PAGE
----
Sometimes it’s neither advised nor a well-founded decision to put an equals sign between souvenirs and lousy quality; although it must not be an unfortunate coincidence that we tend to identify the latter with the former. In our compilation below, we’ll present shops and products which are desirable for both foreigners and Hungarians, and which provide satisfactory alternatives for overly touristy bric-a-bracs.
Located a couple of matyó laces away from Szent István Bazilika (St. Stephen’s Basilica), Memories of Hungary Souvenir Shop’s selection won’t shock you like a thunder strike, though it still holds many surprises. The first impression is deceiving, since the souvenirs characterized by classic Hungarian folk motifs, easily recognizable visual symbols, and well-known figures and individuals – Ferenc Puskás, hussars, the Bob Marley of dogs, a.k.a. the puli, or the Hungarian gray cattle – aim to put something new on the table (or on your fridge) by rethinking dime-a-dozen schemes; thus drawing a line between trivial Váci utca (Váci Street) souvenirs and the selection of Memories. There’s a well-though-out concept behind the form and the content, with both being the courtesy of up-and-coming artists and experienced marketing gurus. The 300 square-meter shop offers approximately 3,000 pieces of various souvenirs giving cultural traditions a youthful, contemporary edge; so you’ll certainly have a tough time making a decision what to take home.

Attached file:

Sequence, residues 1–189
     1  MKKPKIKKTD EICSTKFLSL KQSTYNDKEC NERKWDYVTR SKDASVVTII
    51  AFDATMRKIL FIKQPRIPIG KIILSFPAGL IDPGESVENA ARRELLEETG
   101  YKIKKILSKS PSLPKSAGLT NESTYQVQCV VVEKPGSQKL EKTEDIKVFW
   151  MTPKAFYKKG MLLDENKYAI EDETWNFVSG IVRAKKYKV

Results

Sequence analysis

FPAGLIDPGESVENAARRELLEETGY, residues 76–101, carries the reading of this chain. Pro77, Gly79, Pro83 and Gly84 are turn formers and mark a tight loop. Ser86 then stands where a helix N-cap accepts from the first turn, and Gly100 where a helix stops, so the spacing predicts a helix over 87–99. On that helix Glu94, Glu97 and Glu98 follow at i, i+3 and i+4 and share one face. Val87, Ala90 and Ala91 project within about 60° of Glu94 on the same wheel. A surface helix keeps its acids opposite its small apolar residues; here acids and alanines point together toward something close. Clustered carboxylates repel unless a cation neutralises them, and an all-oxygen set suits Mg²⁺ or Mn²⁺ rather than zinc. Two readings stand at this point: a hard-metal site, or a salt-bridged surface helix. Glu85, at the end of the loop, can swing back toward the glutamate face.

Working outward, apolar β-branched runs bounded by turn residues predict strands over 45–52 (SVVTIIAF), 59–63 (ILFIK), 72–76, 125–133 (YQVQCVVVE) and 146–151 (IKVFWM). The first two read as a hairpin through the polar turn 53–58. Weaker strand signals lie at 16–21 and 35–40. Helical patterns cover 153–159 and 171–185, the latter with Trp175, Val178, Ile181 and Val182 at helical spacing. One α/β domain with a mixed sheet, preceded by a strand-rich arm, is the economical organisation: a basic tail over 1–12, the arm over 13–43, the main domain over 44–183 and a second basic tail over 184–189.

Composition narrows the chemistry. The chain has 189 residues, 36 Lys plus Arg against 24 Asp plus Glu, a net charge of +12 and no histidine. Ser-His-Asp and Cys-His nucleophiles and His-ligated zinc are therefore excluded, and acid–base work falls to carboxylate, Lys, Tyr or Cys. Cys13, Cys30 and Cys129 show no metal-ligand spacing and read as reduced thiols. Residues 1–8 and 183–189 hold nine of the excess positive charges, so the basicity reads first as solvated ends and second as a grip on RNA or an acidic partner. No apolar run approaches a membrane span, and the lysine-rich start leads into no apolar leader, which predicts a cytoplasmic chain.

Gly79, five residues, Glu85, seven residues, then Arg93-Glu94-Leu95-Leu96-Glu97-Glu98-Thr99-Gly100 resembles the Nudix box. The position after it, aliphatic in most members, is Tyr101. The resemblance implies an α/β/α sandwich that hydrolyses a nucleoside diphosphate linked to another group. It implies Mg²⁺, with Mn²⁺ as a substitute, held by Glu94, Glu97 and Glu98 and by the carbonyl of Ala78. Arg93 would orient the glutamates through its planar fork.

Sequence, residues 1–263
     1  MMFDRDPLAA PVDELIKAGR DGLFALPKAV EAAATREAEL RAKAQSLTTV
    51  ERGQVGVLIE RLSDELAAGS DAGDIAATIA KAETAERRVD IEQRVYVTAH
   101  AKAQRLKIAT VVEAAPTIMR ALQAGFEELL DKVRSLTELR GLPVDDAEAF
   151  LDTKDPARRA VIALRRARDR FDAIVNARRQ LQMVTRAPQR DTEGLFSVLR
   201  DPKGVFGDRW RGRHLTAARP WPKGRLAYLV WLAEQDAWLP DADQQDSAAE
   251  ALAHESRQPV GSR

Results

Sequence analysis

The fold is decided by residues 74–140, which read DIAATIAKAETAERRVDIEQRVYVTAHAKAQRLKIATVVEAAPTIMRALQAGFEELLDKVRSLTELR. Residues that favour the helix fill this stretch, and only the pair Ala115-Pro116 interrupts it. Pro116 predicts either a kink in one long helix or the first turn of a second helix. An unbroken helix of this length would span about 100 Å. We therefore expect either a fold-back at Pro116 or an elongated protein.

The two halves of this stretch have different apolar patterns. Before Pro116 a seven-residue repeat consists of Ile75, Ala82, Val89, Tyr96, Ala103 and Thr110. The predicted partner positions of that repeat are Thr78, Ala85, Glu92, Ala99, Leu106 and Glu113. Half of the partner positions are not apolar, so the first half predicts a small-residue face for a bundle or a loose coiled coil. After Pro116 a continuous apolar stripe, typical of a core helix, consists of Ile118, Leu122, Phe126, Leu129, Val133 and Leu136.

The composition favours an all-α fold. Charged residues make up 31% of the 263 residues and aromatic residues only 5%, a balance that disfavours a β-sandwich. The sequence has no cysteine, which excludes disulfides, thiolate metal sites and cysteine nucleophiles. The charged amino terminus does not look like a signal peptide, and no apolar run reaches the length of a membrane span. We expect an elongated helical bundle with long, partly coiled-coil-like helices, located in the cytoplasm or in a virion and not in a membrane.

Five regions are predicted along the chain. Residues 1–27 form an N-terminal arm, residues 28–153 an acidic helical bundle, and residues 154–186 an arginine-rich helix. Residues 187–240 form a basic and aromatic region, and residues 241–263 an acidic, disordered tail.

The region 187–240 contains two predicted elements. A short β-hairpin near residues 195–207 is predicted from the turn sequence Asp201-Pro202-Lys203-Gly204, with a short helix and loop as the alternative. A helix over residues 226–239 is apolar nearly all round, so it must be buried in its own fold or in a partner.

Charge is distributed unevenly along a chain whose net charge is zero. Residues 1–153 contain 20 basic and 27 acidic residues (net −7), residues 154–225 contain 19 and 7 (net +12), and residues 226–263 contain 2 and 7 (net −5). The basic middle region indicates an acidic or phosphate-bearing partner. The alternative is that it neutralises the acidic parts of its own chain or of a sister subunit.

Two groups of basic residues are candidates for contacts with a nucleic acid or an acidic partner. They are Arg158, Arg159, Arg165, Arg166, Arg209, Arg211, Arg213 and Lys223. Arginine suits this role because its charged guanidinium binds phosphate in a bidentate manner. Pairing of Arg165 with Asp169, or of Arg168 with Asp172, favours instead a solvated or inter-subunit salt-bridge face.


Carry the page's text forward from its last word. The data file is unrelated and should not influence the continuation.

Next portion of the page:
Located in the courtyard facing the entrance of both the student magnet, known as Könyvtár Klub, and ELTE’s Faculty of Humanities, Insitu is an all-in-one design store. The selection is made up of everything and anything your aesthetic sensibilities and your nostalgic desire could wish for. Jewellery crafted from vinyls, red paprika earrings grown in the Gyöngyhalász workshop, messenger bags and laptop skins made of fire hoses and bike tyres, notebooks, books, wall stickers – including the creations of Diána Nagy -, and Richárd Seiben’s mesmerizing postcards reinterpreting the Budapest-themed photos of Fortepan; and, last not least, striptease pens not really suitable with civil wedding ceremonies. The majority of Insitu’s products originate from Hungarian artists, and the nostalgic collection is highlighted by old school goodies like the jumping rubber frog, a game called the Babylone Tower, the psycho-eyed hip-hopping bunny, and a board game focusing on public transportation that used to be popular when The Beatles were in their prime.
Housed by one of the ground floor premises of Grandio Hostel and Bar, a spot legendary for its wild parties, Grand Village can be charaterized as the combination of Memories of Hungary and Insitu. Before jumping to baseless conclusions about concept-thievery, we’d like to emphasize that the essence of this loveable store orchestrated by the Buttondoll Design-duo – namely Mária Kis-Németh and Márta Szabó – lies in preferring Hungarian motifs, recycled materials, and modernized souvenir schemes. The selection is constitued by the formerly mentioned bags and laptop skins made of bike tyres - courtesy of Balkan Tango-, and countless creations of A-plus names such as Viki Szunyoghy and Matyódesign. Besides well-established brands and designers, freshly-graduated artists also contribute to the store’s wide-as-the-Danube product range, since the door is always open for young creators. Jewellery made of tiny alcohol bottles and glass medicine bottles, wallets folded from recycled paper sheets, matyó-patterned pillows, drawings of Budapest, Gubolyka bags, Barbara Katona’s watches, and last but not least, DVDs serving as both fridge magnets and virtual photo books.